Everyone loves to bash Old Town Pasadena, especially those of us who have lived here a long time and seen Colorado Boulevard turn into the Santa Anita mall with more charming architecture. On Chowhounds, it seems like a new thread appears weekly with dozens and dozens of complaints about how the restaurants in Old Town stink.
But Old Town most certainly does not stink as a good-eating destination. You just have to have the wherewithal to walk a mere block off of Colorado — and to be a little adventurous. There’s no need for the crowds and generic food at Cheesecake Factory when you can have the charm and curry at Café Linda’s.
Herewith some of our favorite off-the-Colorado-path spots in Old Town, including newcomer Café Linda’s. (We’ll pause for a moment of silence for the departed Siena and Crepe Vine.)
34 E. Holly St., 626.584.0712, cafelindas.com
Thai. L & D Tues.-Sun. Beer & wine. MC, V. $-$$
This new sibling to Los Feliz’s Simply Thai is no bigger than a closet, but fortunately it’s an inviting closet with good Thai cooking that’s a little more creative than most neighborhood joints. Try the eggplant with mozzarella (!), Thai basil, lemongrass, red bell pepper and chile vinaigrette, as well as such standards as prik king and panang curries. Excellent tofu dishes and a good happy hour from 5 to 7 every night, with two-for-one beer and wine and $5 appetizers.
36 S. Fair Oaks Ave., 626.564.1560
Japanese. L & D Tues.-Sun. Beer & wine. $
The nice people at this cheerful, open café serve a variety of Japanese dishes (tempura, sushi, gyoza), but the noodles are the thing to get: homemade udon and soba served in a variety of styles and temperatures. (Vegetarians, take note of the hard-to-find vegetarian broth for the noodles.)
Tibet Nepal House
36 E. Holly St., 626.585.0955, tibetnepalhouse.com
Himalayan. L & D Tues.-Sun. Beer & wine. $-$$
One of Old Town’s great delights and best-kept secrets, this friendly spot next to Café Linda’s is your only source for yak meat in the greater Pasadena area. Owner/chef Karma Tenzing Bhotia is a man of many talents, including as a mountaineer and photographer, but it’s his food that we love. Reminscent of both Chinese and Indian food, but with more subtle flavors, the menu spans the Himalayas, from lowland curries and dals to highland yak, noodles and momos (dumplings). The award-winning buffet lunch is inexpensive and wonderful.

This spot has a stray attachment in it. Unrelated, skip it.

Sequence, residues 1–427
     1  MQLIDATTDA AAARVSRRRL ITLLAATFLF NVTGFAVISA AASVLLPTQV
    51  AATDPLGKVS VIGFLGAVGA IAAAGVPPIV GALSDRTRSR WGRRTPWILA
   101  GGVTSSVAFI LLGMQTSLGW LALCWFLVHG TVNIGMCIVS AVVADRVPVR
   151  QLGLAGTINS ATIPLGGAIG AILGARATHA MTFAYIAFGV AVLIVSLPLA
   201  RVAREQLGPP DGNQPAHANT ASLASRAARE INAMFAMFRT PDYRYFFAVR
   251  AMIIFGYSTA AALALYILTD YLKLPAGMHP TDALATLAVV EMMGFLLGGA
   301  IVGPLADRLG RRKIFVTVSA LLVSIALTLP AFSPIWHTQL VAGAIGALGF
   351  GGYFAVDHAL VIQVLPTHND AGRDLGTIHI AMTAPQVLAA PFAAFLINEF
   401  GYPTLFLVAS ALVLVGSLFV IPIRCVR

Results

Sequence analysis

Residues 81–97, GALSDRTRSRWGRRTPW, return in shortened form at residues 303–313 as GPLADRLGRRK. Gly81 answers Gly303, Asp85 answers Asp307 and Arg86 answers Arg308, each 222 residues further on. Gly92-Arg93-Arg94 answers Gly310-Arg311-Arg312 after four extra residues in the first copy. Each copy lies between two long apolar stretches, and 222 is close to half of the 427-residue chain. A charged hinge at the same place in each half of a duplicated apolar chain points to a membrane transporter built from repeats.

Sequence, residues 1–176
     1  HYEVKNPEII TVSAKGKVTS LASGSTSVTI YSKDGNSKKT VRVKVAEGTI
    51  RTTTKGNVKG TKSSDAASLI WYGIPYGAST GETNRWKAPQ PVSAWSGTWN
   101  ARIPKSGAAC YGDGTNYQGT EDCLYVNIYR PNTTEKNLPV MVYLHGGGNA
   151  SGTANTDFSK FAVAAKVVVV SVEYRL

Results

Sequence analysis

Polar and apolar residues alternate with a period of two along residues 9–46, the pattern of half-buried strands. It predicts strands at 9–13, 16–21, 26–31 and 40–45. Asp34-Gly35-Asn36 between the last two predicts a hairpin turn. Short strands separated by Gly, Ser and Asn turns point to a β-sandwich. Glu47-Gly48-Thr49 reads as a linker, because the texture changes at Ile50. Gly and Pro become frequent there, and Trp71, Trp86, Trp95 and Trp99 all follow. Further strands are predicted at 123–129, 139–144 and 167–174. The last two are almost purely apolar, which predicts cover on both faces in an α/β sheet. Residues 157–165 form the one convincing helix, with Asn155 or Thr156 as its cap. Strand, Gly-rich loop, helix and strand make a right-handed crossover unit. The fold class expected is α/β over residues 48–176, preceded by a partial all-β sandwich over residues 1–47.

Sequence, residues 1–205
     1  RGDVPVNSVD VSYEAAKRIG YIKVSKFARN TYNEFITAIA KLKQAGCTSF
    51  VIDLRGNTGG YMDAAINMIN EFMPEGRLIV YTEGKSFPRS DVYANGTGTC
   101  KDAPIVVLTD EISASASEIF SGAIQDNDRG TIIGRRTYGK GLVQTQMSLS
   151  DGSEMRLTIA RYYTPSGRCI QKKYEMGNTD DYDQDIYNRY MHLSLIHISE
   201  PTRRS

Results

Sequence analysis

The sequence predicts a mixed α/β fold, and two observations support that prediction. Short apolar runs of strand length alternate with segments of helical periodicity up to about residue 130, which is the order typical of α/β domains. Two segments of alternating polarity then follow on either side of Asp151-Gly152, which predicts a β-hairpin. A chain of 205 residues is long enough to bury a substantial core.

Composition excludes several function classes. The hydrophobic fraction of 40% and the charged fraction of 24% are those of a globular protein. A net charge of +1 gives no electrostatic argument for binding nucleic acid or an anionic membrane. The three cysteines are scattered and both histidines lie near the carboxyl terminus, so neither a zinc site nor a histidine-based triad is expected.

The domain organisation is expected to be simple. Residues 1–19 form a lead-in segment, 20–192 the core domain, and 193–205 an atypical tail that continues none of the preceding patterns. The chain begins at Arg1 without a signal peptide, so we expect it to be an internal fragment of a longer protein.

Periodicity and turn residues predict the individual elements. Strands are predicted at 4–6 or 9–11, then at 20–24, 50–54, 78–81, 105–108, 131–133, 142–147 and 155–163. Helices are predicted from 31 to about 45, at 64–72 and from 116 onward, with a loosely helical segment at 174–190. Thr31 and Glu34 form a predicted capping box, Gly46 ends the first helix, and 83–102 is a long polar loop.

Vertical Wine Bistro
70 N. Raymond Ave., 2nd Floor, 626.795.3999, verticalwinebistro.com
Modern American/wine bar. D Tues.-Sun. Full bar. $$$
Our favorite spot for a higher-end Old Town dinner, this wine bar and restaurant is sleek and sophisticated but not at all stuffy. Some 100 wines are poured by the glass or flight, and dishes are small and designed to share. People often complain about the prices, but we find the $7 and $8 wines by the glass always delicious, and if you order food carefully (mini grilled cheeses, spinach salad with fourme d’ambert and bacon, seared red snapper), it’s quite fair given the setting and quality. Chef Sara Levine’s three-course farmers’ market dinner is a great deal for $30.
67 N. Raymond Ave., 626.585.0855, yujeankangs.com
Chinese. L & D daily. Beer & wine. $$-$$$
Chef Kang’s sophisticated dishes, prepared with a French chef’s elegance and a Chinese gourmand’s sense of robust flavor, attract food lovers from far away — although the recession seems to have hit this place hard, and we want to encourage locals to remember it. Don’t miss the soups, duck salad with black-bean sauce, crispy beef, stir-fried Blue Lake green beans and Chinese “polenta” with shrimp, mushrooms and scallions. Kang is an oenophile, and the wine list complements the menu, but it ain’t cheap. But though the food is expensive by Monterey Park standards, it’s quite reasonable for the quality of the cooking, the serene setting and the Old Town address.